Utility types in Typescript - Part 1: Partial, Required, Readonly by@andemosa

Utility types in Typescript - Part 1: Partial, Required, Readonly

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Typescript allows developers to create new custom types as necessary during development. Typesript provides some globally available utility types. These utility types allows the developer to carry out type transformations. The utility type Partial creates a new type where all the properties of the input type T are set to optional. The utility type Required creates a new type where all the properties of the input type `T` are set to required. It is the opposite of Partial. The utility type Readonly creates a new type where all the properties of the input type T are set to readonly.
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Anderson Osayerie

Survived an Infinite Tsukuyomi. Loves football


Typescript allows developers to use static type-checking in JavaScript. It also adds the ability to create new custom types as necessary during development. Asides from allowing the creation of new types, Typescript also allows for the transformation of existing types.

Typescript provides some globally available utility types. These utility types allows the developer to carry out these common type transformations.

In this article we look at some commonly used Utility types and when we can use them in our code.

Partial<T>

The utility type Partial creates a new type where all the properties of the input type T are set to optional.

interface Point {
  x: number;
  y: number;
  z?: number;
}

type PointPartial = Partial<Point>
// {
//     x?: number;
//     y?: number;
//     z?: number;
// }

It can be used to type the parameter of a function that is used to update the properties of an object as can be seen in the example below.

interface User {
  firstName: string;
  lastName: string;
  age: number;
}

const updateUser = (user: User, updatedFields: Partial<User>) => ({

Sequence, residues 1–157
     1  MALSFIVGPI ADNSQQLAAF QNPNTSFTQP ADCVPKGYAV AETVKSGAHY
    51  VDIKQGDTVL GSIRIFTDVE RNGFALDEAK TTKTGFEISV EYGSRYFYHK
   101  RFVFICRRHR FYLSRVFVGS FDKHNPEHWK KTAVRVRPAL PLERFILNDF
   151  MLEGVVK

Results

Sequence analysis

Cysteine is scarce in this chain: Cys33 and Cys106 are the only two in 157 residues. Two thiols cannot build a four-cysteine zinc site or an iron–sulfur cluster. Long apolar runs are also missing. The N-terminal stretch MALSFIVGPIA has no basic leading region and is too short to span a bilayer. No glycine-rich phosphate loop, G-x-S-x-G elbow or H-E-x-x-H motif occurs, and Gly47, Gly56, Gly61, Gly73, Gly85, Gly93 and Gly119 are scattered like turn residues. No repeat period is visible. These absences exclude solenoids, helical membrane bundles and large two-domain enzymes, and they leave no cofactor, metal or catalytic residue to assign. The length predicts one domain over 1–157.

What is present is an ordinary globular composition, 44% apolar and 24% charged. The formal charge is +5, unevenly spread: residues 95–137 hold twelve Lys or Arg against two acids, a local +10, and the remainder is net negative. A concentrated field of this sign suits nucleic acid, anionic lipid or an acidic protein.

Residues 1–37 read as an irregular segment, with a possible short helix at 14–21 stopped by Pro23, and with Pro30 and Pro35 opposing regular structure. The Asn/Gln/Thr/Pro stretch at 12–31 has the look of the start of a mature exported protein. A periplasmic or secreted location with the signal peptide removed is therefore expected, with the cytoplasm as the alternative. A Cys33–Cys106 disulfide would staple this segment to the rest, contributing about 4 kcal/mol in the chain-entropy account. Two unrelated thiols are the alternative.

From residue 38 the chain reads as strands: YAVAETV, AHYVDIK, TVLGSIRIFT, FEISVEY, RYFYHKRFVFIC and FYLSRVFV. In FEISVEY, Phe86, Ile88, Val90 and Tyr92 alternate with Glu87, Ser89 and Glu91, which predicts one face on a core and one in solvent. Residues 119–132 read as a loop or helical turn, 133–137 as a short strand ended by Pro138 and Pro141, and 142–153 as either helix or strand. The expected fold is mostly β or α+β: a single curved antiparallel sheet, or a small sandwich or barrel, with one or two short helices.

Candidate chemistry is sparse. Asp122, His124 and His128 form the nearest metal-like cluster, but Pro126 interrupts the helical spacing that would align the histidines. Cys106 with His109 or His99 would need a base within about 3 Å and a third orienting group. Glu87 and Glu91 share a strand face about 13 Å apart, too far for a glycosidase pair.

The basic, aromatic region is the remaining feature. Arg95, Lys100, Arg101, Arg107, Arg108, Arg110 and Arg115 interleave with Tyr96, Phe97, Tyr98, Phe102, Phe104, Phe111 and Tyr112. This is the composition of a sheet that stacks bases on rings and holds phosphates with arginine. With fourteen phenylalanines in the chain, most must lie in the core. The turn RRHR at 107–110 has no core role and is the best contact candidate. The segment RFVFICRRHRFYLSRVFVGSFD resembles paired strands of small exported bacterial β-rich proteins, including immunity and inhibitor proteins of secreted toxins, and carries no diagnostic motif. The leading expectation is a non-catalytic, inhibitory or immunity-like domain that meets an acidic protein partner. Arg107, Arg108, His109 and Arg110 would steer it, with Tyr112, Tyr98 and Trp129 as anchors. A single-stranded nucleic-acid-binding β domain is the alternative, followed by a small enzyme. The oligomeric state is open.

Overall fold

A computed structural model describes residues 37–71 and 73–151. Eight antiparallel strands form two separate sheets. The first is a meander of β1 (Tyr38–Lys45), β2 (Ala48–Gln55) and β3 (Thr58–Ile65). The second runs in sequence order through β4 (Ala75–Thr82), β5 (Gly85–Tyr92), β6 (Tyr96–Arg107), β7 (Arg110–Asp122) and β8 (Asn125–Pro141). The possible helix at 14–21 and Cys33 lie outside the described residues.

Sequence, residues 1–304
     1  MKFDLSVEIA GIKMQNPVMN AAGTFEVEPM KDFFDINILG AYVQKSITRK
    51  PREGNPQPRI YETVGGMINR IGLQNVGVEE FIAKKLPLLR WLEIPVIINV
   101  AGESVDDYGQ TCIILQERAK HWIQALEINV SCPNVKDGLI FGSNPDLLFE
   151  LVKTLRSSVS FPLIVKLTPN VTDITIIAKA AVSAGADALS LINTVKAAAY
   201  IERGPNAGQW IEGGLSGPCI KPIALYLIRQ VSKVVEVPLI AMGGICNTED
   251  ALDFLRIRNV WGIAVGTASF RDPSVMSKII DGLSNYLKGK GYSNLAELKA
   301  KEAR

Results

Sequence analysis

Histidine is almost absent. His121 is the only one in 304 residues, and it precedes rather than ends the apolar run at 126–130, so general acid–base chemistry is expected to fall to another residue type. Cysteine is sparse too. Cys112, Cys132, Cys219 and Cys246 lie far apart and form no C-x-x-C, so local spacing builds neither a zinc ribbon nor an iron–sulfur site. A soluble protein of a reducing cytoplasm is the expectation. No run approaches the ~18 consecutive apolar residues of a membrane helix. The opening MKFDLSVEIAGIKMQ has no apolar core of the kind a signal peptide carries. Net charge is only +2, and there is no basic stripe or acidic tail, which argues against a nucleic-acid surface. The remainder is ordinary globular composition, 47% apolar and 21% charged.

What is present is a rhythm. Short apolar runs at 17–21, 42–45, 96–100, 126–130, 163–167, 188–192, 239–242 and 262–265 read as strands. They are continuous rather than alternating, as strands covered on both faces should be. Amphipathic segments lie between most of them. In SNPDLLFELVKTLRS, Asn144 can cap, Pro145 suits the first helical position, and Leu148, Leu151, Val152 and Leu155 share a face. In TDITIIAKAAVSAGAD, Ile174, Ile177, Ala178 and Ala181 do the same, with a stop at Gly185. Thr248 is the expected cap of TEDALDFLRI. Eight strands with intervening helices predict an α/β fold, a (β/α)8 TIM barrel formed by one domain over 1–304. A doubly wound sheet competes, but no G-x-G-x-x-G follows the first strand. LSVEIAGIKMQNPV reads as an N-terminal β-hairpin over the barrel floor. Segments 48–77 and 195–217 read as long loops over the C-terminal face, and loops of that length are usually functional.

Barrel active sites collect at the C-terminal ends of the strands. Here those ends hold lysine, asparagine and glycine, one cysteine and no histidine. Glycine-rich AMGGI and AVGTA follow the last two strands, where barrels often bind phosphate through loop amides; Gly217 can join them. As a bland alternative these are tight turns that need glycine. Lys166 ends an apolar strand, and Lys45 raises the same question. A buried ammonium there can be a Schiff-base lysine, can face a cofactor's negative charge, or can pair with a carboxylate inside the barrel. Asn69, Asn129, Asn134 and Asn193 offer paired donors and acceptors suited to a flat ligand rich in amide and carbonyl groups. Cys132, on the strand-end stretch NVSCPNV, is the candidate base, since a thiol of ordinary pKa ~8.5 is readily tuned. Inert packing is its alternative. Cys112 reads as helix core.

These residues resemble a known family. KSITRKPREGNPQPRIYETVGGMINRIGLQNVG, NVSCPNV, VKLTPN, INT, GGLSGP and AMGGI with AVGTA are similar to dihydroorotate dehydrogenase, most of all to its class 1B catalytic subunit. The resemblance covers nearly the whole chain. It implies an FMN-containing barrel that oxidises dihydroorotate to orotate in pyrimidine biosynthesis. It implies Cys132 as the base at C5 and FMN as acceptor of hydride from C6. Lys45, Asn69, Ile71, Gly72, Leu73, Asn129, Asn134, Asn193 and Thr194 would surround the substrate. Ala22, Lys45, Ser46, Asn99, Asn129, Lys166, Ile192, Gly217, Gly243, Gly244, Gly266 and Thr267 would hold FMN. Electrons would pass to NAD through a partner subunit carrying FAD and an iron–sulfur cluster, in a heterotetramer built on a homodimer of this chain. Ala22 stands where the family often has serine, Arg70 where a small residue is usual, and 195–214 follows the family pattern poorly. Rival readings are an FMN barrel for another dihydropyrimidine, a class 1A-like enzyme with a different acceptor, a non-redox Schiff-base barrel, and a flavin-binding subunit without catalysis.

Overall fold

...user,
  ...updatedFields,
});

const user1: User = {
  firstName: "Anderson",
  lastName: "Osayerie",
  age: 27,
};

const user2 = updateUser(user1, { age: 28 });

console.log(user2); // { name: "Anderson", surname: "Osayerie", age: 28 }


Required<T>

The utility type Required creates a new type where all the properties of the input type T are set to required. It is the opposite of Partial.

interface Point {
  x: number;
  y: number;
  z?: number;
}

type PointRequired = Required<Point>;
// {
//     x: number;
//     y: number;
//     z: number;
// }

Below is an example of where we can use the Required type. The Todo interface with the ID property being optional can be used when creating the todo because we do not know the ID at that point. But when we want to update the todo, we have to make sure the ID is set.

interface Todo {
  id?: number;
  title: string;
  description: string;
}

const createTodo = (todo: Todo) => {
  const newTodo = db.create(todo);
  return newTodo;
};

const updateTodo = (todo: Required<Todo>) => {
  const updatedTodo = db.update(todo);
  return updatedTodo;
};

createTodo({
  title: "Write article",
  description: "Choose topic",
});

updateTodo({
  id: 3,
  title: "Write article",
  description: "Topic choosen",
});


Readonly<T>

The utility type Readonly creates a new type where all the properties of the input type T are set to readonly. The properties of the new type cannot be reassigned.

interface Point {
  x: number;
  y: number;
  z?: number;
}

type PointReadonly = Readonly<Point>;
// {
//     readonly x: number;
//     readonly y: number;
//     readonly z?: number;
// }

The Readonly utility is useful for showing assignment expressions that would fail at runtime. This occurs when trying to reassign the properties of a frozen object.

interface User {
  firstName: string;
  lastName: string;
  age: number;
}

const freeze = <T>(obj: T): Readonly<T> => Object.freeze(obj);

const user: User = {
  firstName: "Anderson",
  lastName: "Osayerie",
  age: 27,
};

const readonlyUser = freeze(user);

// Cannot assign to 'age' because it is a read-only property
readonlyUser.age = 28;

Conclusion

In this article we have considered three built-in utility types provided by Typescript and how we can use them in our code.
  • Partial that creates a new type where all the properties are set to optional.
  • Required that creates a new type where all the properties are set to required.
  • Readonly that creates a new type where all the properties are set to readonly.

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